Okay, first, the Neptunes had nothing to do with "We Belong Togther," that was all Jermaine Dupri; in fact the Neptunes had a hand in exactly one track: "Say Somethin'," with Snoop Dogg. I hate getting these things wrong. Dupri's not exactly a slouch in the writing/production department, though (I think I've been aurally confusing him with Pharrell for a while now), and the front half of the record is loaded with his jams. The back half bogs down some, but it picks up amazingly with the great gospel song "Fly Like A Bird" and "Don't Forget About Us" — funny how all the songs that jumped out at me were pulled for singles. Almost like they know what they're doing.

What I said about her adaptiveness to postmillennial R&B still stands: she's an object lesson in how a modern pop star can remain relevant past 30.


Book Report 011: Agatha Christie, THE SECRET ADVERSARY

Barnes & Noble · 1922

Try as I might I can't be grumpy about books. Perhaps it's because I have very specific tastes in books and I'm very good at catering to those tastes (so I'm just not having to deal with books I hate here), but I've mostly given raves to everything I've read here, even when I manage to qualify my enthusiasm a little. After comparing this to how I treat music — I don't hesitate to call albums that bored me boring — you might begin to suspect that I've got a bit of an inferiority complex about literature: anything with a spine and a proofreader will (so far) win my admiration.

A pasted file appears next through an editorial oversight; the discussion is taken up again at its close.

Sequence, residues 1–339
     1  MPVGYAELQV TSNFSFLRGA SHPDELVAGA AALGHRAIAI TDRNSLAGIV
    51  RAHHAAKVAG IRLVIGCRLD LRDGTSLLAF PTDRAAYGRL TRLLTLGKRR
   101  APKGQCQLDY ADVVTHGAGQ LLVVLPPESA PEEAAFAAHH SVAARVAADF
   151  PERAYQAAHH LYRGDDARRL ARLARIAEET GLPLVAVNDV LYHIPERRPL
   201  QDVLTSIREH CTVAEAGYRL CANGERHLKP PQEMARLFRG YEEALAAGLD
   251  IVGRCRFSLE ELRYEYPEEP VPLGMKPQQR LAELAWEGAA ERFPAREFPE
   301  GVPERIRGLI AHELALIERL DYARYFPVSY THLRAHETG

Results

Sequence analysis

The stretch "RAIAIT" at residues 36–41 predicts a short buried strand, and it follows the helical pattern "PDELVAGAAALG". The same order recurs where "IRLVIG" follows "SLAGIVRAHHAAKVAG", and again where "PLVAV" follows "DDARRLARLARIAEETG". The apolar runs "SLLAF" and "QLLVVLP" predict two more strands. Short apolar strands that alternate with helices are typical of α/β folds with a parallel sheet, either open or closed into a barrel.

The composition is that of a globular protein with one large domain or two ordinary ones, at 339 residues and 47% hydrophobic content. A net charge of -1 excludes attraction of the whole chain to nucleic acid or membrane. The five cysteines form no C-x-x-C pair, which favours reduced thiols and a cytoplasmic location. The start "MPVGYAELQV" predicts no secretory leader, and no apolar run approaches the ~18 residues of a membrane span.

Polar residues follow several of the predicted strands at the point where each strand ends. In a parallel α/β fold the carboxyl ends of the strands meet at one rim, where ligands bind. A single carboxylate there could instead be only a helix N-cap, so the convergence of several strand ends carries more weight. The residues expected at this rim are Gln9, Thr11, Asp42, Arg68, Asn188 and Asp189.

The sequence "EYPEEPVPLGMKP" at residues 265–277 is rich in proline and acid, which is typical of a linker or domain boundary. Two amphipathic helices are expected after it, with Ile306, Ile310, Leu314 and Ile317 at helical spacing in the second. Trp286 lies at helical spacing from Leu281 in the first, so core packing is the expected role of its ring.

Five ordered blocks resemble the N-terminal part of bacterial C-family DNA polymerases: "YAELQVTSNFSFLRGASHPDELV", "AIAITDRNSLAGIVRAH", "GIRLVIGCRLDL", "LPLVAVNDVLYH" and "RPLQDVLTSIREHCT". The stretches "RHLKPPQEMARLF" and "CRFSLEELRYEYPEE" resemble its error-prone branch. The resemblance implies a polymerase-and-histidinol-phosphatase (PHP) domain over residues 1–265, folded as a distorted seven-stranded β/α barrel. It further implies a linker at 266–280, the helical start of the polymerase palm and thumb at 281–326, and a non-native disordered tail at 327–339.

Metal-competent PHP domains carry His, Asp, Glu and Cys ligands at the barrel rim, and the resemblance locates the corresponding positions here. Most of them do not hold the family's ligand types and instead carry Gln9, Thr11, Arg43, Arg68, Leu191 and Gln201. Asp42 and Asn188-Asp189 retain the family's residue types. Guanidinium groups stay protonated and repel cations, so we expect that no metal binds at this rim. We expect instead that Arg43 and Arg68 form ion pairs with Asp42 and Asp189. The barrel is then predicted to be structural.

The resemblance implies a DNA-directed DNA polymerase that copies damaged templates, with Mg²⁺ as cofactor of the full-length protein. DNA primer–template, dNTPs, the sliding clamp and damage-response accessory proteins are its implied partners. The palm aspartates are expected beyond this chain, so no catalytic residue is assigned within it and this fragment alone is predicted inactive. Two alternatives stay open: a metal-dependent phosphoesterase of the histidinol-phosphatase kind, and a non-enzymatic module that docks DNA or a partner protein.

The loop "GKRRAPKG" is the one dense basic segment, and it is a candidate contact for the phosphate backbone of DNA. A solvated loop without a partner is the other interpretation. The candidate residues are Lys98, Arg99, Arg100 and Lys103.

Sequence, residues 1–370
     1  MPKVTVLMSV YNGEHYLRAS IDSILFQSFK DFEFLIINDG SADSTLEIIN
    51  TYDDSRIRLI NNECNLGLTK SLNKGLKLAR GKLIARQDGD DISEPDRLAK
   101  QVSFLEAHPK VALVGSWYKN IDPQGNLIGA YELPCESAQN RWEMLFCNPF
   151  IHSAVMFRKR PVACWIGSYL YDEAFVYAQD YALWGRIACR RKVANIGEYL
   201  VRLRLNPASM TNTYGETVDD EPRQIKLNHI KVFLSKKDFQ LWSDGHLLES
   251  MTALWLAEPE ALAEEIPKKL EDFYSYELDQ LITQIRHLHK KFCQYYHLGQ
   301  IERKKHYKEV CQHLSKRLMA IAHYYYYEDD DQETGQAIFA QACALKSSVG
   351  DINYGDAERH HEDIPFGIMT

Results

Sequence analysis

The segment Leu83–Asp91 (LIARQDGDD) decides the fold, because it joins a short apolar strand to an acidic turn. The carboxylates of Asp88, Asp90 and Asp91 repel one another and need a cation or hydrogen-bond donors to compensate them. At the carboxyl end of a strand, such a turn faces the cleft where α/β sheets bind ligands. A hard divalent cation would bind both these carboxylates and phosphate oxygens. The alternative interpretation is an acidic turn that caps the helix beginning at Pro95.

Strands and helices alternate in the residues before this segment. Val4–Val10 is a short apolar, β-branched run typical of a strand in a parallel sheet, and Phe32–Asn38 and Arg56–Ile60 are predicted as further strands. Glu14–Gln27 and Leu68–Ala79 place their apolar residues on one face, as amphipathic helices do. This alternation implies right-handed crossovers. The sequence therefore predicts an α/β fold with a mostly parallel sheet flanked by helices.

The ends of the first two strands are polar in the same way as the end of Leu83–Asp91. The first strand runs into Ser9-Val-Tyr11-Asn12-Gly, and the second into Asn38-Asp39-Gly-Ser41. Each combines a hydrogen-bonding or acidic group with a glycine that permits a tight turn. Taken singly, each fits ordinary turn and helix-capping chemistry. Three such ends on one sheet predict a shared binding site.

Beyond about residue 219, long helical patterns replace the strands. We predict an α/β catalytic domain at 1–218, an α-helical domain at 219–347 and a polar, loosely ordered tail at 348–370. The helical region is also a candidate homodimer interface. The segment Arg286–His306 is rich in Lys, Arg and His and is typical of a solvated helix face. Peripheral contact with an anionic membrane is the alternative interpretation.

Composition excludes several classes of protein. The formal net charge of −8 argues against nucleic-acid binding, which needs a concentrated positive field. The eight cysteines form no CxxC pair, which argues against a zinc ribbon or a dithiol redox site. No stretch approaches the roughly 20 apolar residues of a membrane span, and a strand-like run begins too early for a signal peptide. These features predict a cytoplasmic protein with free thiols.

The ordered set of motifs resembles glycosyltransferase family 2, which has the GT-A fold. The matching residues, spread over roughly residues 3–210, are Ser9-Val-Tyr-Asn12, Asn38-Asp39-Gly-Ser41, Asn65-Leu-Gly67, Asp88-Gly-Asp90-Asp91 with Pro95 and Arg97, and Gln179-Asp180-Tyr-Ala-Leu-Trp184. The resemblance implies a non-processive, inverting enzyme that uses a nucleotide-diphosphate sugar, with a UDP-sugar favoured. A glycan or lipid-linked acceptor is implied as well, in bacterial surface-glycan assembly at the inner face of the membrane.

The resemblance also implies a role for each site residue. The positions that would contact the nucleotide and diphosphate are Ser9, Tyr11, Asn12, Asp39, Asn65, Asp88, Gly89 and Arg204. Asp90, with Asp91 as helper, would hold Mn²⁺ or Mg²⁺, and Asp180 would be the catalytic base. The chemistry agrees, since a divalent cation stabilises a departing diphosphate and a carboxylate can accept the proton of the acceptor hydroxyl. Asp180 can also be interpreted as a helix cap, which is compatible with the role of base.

All that being merely prologue to saying: this is a lovely little book, a profoundly stupid thriller in the best Edgar Wallace style, and the perfect comedown after the modernist fireworks of Manhattan Transfer and the teen angst of By The Time You Read This, I'll Be Dead.

I don't know if you know Edgar Wallace; he was one of the most prolific crime writers of the twentieth century, and he had about four plots which he trotted out like clockwork twice a year for forty years. Almost none of his books ever made it to a second printing; he was the ultimate hack, and I've read about eight of his books and couldn't tell you a thing about them. Except that they generally featured anonymous young men and women up against a cabal bent on dominating Europe etc., the usual thriller stuff, and typically pretty racist to boot, though not exceptionally so for the era. (Roughly 1900-1930, though he published posthumously through the thirties.)